I guess I was a lucky one. After I was made redundant in October 2011, I continued to land one job after another. Although not in a close succession I still consider myself lucky. They say on average it takes about 5 months to find a job, it’s also very true in my case.
Bear in mind that getting a job is one thing, staying in a job is another. It’s a two-way street for both an employee and an employer. When it comes to assessing the long-term career prospects, it’s a whole new ballgame. So, after I was given a four month notice by Fairfax Media, a company I’d worked for more than 11 years, there was no time to waste and no time to rest, I went straight into a job hunting process. Believe or not, back then I didn’t even have a computer at home, no internet connection and no phone line. So, to get the ball rolling, I had to get these done in a flash.
In a matter of 18 months, I was fortunate enough to be hired by three different employers. However, as said, getting a job is one thing, staying in a job is another. At the end, I decided to walk away from them all. I remember when I told my mum that I’ve resigned from the first company, she was very worried. Why? Because I was living on my own, still paying home mortgage and all the utilities that came along with it. Then I got another job, but a few months later, I told her I left the second company, she thought I was crazy. Then I got another job, several months passed, I told her I left the third company, this time she was speechless.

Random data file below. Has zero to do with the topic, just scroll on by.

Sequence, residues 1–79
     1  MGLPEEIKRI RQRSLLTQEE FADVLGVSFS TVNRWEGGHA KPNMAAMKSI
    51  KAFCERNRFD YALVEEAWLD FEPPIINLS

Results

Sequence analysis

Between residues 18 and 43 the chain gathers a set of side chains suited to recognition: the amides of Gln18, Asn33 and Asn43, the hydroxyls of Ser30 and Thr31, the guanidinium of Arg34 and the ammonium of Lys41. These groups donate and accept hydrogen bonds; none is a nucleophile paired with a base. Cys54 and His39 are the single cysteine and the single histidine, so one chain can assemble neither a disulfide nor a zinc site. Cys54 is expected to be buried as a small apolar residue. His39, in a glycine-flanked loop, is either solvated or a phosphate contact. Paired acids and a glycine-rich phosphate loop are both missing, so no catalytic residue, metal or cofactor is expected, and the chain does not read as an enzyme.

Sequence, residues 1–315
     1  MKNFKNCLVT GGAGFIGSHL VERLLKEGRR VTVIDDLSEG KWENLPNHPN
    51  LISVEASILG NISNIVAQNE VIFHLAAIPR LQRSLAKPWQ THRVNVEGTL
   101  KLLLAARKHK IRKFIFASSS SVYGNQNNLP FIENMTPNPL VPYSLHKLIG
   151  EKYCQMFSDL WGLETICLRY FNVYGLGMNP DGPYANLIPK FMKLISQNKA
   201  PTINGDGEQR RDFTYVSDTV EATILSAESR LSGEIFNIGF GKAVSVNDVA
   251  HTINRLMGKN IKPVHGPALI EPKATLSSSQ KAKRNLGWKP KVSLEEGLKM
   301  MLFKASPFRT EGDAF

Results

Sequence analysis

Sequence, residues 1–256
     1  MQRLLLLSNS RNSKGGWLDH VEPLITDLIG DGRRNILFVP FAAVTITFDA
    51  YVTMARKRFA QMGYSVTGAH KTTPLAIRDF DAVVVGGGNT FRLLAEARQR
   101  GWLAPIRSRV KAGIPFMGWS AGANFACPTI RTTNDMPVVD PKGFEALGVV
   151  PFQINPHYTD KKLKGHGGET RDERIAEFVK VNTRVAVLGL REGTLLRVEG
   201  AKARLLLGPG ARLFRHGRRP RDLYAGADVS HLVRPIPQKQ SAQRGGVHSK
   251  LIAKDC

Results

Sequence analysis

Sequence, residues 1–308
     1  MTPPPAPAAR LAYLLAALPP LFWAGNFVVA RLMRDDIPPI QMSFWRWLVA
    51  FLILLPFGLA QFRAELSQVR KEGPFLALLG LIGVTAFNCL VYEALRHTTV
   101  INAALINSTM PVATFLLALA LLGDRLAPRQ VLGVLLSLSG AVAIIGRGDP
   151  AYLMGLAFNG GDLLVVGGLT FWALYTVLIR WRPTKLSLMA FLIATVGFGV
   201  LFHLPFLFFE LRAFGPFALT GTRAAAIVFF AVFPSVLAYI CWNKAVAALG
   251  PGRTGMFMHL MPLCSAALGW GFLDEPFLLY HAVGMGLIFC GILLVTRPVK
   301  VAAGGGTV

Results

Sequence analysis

Leaving a job while nothing else lining up is never easy. In fact, it’s brutally hard. Of course, I did it for a number of reasons. I even said I wouldn’t have done it any other ways had I been in a similar situation again. Looking back, it proved the pain was worth bearing and the risks were worth taking. Only in hindsight I’m able to see what I didn’t to see. You just can’t hurry time, that’s what life has taught me.
To put together the important lessons that I’ve learned after walking away from three steady jobs, here’s my summary:
- When one door closes, you need to get up and open another. It’s not an automatic door.
- Money is never a good motivator to stay in a job nor to leave a job. Money talks but it doesn’t walk.
- It’s perfectly OK not to know what the next avenue is. Knowing the current path is not a right path for you is perfectly enough.
- When you try, it leaves clues. When you think, it leaves plenty of question marks.
I guess the list can go on but that’s all I could come up with so far. If there’re more things that may pop up at a later stage, I can always come back and update it.
In the meantime, in case you are wondering, Yes, I did find my niche after resigning from those three reputable companies… and it’s nice I should also say…